The Department of Health and Human Services has updated the rule on Confidentiality of Substance Use Disorder Patients Records. In relation to this, the regulation on Substance Abuse and Mental Health Services Administration (SAMHSA) also changed. The reason for the update is to align regulations with technological advances in healthcare delivery in the U.S. without violating patient’s privacy when treating substance abuse disorders. The final rule discusses the permitted uses and disclosures of patient identifying information when healthcare operations, audits, payment and evaluations need it.
The last time the Confidentiality of Alcohol and Drug Abuse Patient Records (4 CFR part 2) regulations had substantial changes was in 1987. SAMHSA submitted an update proposal to 42 CFR part 2 in 2016. Included in the update proposal are the use of electronic exchange of patient information and the development of integrated health care models.
SAMHSA welcomed public comments on the update proposal before publishing the final rule in January 2017. The final ruling had greater flexibility for disclosures within the healthcare system at the same time ensuring the confidentiality of substance use disorder records.
There were additional proposals covering disclosures related to
· payment and healthcare operations applicable to contractors, subcontractors and legal representatives by lawful holders under the part 2 rule consent provisions
· purposes of carrying out Medicaid, Medicare or Children’s Health Insurance Program (CHIP) audits or evaluations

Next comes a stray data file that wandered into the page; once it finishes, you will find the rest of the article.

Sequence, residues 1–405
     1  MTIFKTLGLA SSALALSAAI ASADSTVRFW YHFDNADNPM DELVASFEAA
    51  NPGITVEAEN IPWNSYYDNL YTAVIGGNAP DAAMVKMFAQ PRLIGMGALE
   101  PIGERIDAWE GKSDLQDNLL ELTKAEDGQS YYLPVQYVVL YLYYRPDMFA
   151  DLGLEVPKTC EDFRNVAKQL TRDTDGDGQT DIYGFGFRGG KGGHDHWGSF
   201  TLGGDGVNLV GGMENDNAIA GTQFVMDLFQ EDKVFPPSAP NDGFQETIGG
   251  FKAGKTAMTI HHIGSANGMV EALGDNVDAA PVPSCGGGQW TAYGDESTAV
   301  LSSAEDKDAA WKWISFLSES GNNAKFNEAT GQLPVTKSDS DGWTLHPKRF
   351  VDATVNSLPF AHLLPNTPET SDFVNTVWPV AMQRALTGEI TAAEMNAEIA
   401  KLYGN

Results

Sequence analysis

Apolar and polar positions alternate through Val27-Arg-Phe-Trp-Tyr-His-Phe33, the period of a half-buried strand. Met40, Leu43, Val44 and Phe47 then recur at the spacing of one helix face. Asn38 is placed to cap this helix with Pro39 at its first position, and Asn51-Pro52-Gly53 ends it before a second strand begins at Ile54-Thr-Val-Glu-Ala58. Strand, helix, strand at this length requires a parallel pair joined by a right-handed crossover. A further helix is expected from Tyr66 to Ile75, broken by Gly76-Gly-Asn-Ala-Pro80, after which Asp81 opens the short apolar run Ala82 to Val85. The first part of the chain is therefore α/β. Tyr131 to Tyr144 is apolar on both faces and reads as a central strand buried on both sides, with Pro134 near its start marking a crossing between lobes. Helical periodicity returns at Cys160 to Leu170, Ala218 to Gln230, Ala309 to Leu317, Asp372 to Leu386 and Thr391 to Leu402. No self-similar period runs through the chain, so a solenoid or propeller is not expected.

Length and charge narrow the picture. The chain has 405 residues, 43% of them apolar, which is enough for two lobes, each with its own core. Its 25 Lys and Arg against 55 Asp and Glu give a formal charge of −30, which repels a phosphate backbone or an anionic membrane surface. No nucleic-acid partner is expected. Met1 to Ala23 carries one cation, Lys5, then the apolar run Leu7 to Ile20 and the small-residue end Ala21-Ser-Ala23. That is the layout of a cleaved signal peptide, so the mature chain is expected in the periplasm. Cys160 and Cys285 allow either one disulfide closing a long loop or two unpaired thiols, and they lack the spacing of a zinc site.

After taking into consideration the 55 public comments on the proposed revisions, SAMHSA finalized the proposed revisions. SAMHSA tried to align the revisions with HIPAA and the HITECH Act, although both are quite distinct from 4 CFR part 2 in terms of implementing regulations.
Compared to HIPAA and other health privacy laws, part 2 offers stricter federal protection. It seeks to safeguard individuals with substance use disorders who could possibly suffer discrimination and legal consequences if their information is misused or disclosed.
In the revised part 2, SAMHSA did not include care coordination and case management in the list of permissible activities under payment and healthcare operations. The list remained substantially unchanged. SAMHSA clarified that disclosures to contractors, subcontractors and legal representatives are not allowed for activities related to a referral for treatment, patient’s treatment and diagnosis. SAMHSA will still review the other issues raised and will find ways to improve the 42 CFR part 2 rules.
On March 21, 2018, there will be a public meeting to know how 42 CFR part 2 affected patient care, patient privacy and health outcomes. Stakeholders will be given the opportunity to share the results of their part 2 implementation.